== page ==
….But I Don’t Like Thickened Liquids!

From the desk of Carol G Winchester, MS SLP CCC

I understand that for some reason you have been recommended to drink thickened liquids and you are not a fan of this recommendation at the present time. First let me explain why the thickened liquids have been suggested and then we can discuss options to make it more palatable.

When you swallow, the liquids enter your mouth via glass or cup sip, a straw, or a sip cup such as a Tervis Tumbler with a lid on it. The liquid then goes over the tongue and theoretically gathers in the middle of the tongue until you voluntarily swallow. At that point, the tongue throws the liquid back into the throat, or pharynx, and at the same time your vocal cords close to protect your airway as you hold your breath during the swallow. Try that now yourself: Swallow a sip of a drink or the saliva in your mouth. You had to hold your breath to make that happen!  When you have dysphagia, the coordination of these movements is interrupted at some point, and that puts the liquid at risk of entering the airway with open vocal folds, at which point you either cough it out or the liquid heads to the lungs. The theory of thickened liquids is that the thicker a liquid is, the slower it travels through the mouth and throat, and the more time your brain has to perform the coordinated movements to protect your airway and your lungs. It is not unlike that ketchup commercial we are all familiar with – Heinz Ketchup being thicker than Catsup– remember that? The Heinz Ketchup is thicker and when they turn the bottles upside down, the Heinz takes a lot longer to come out of the bottle. That’s what thickened liquids do to protect you!

So what can you do to keep yourself safe while at the same time enjoy the liquids you love? Let’s take a look at the different consistencies and see what options I can present:

Thin Liquids are a problem with meals but seem ok other times: This is likely caused by the food residue you have in your mouth or throat during the meal process. The thin liquids literally bounce off the residue and enter the airway before you have time to gather and swallow safely. Your speech therapist may have recommended using a lid on a cup, like the Tervis Tumbler, without a straw, so that the liquid enters into the front of the mouth and gives you a little more control. They may also have tried various techniques with a swallowing instrumentation, such as FEES (Fiberoptic Endoscopic Evaluation of Swallowing), to verify exactly what is going on and give you alternatives. Taking small sips, one at a time, is very important while eating.

Nectar Thick Liquids: This consistency is likely recommended because the control on the thin liquids was just too risky. Nectar thick liquids can be achieved by utilizing a thickener with the liquid, or you can buy naturally nectar thick liquids so that no thickener is necessary. For example, there are nectar juices (in the juice aisle of the grocery store), nutritional drinks such as Ensure, or even some soda pop with bubbles that make it act like a nectar thick liquid. Some almond milks (or any alternative milk) and chocolate milks may be thick enough to function as a nectar thick liquid. Tomato juice is always a good alternative if GERD is not a problem for you, as is prune juice. In lieu of thickening your water, try some of the bubbly waters with flavors that are on the market. There are so many alternatives that you can work with your Speech Pathologist to fine-tune to your needs! If you are going to use a thickener, there are some that are on the market that don’t change the taste of your drinks. Look for our links to the products we like!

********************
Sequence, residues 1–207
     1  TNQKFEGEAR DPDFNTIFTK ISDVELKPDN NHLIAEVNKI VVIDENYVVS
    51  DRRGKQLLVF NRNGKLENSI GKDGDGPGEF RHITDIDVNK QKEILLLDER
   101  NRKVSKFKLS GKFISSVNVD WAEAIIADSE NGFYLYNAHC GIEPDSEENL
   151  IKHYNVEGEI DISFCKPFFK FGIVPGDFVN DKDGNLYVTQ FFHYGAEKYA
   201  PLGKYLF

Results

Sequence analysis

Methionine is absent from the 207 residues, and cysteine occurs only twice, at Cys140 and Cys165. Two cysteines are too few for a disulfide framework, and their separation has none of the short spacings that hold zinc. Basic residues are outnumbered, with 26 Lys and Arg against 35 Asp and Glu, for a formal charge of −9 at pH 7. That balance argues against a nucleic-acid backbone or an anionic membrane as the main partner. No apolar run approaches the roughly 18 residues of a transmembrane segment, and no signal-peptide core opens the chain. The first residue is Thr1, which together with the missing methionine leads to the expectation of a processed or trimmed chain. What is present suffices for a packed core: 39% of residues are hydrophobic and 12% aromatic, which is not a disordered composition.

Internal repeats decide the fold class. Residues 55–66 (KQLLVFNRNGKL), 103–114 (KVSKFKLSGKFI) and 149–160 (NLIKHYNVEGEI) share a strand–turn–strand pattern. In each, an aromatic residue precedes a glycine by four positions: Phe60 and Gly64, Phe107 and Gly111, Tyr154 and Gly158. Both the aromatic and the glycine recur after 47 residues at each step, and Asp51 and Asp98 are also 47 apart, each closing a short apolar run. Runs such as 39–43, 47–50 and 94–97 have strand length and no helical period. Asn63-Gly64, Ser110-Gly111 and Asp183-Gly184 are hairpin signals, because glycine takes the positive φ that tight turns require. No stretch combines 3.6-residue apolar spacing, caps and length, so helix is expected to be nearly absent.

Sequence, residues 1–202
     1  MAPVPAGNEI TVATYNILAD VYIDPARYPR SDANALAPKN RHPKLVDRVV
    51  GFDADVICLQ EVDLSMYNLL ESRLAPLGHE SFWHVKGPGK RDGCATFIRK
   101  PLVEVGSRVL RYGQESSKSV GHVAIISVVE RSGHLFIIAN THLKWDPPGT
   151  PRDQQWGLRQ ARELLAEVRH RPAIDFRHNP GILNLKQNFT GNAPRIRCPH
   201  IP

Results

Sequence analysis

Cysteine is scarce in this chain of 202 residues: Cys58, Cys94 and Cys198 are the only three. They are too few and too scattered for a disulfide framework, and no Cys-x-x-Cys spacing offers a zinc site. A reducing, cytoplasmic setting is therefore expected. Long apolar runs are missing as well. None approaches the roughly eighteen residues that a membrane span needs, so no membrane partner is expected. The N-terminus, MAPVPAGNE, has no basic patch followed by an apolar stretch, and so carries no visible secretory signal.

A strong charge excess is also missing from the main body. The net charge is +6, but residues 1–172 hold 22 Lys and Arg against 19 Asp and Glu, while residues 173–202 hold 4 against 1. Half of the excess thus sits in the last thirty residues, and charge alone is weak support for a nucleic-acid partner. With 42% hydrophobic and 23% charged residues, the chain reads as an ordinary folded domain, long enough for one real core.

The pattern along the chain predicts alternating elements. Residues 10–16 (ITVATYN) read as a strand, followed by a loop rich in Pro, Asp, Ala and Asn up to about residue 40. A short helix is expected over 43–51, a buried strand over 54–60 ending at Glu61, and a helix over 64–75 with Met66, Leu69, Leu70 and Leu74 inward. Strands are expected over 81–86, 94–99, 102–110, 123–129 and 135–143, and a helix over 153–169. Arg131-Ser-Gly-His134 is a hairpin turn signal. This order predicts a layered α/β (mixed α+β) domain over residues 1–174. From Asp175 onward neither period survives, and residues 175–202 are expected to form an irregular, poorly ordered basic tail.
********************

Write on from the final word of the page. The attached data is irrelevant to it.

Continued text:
Honey Thick Liquid: Honey thick liquids are a little more difficult to buy off the shelf in the grocery store, but you can make them palatable. The obvious choice is a milkshake. We often suggest trying a McDonald’s milkshake with that fat straw that they provide, and see if that gives you the control you need to swallow safely. In addition to a milkshake, a frosty or Icee with a flavor may give you a bit of a treat in a safe way. Do not drink the melted ice, as that would be a thin liquid, but work with your Speech Pathologist on these techniques. Finally, we suggest to our clients that you secure a good thickener for the type of drink you wish to consume. For example, I once had a client that wanted to play poker with the guys, and he was embarrassed that he had to use a thick liquid and couldn’t enjoy a beer. We showed him how he could try two or three different thickeners that were perfectly compatible with beer, and lo and behold he rejoined his poker group and enjoyed his beer…..and did so safely! Water thickened to a honey thick consistency is not great, no matter how you do it, so I always suggest making a tea or lemonade or some flavor you enjoy to mix with your water.  Be careful not to add ice and let it melt, as that will make your liquid thinner and defeat the purpose. I’ve yet to find a patient that could not find something they love, but hadn’t thought of, to safely enjoy the honey thick liquid!

One more thought. Please remember that your dysphagia may be temporary, or you may be in the rehabilitation process. The thickened liquids are akin to putting a bandaid on a cut. You are giving your muscles, nerves, and lungs a chance to heal and to function to their full potential. If you do not give them time to heal, you only diminish your full potential for recovery. Figuring out your preferences and techniques to accommodate yourself during this time is worth a conversation with your Speech Pathology Dysphagia Specialist. The options are endless!


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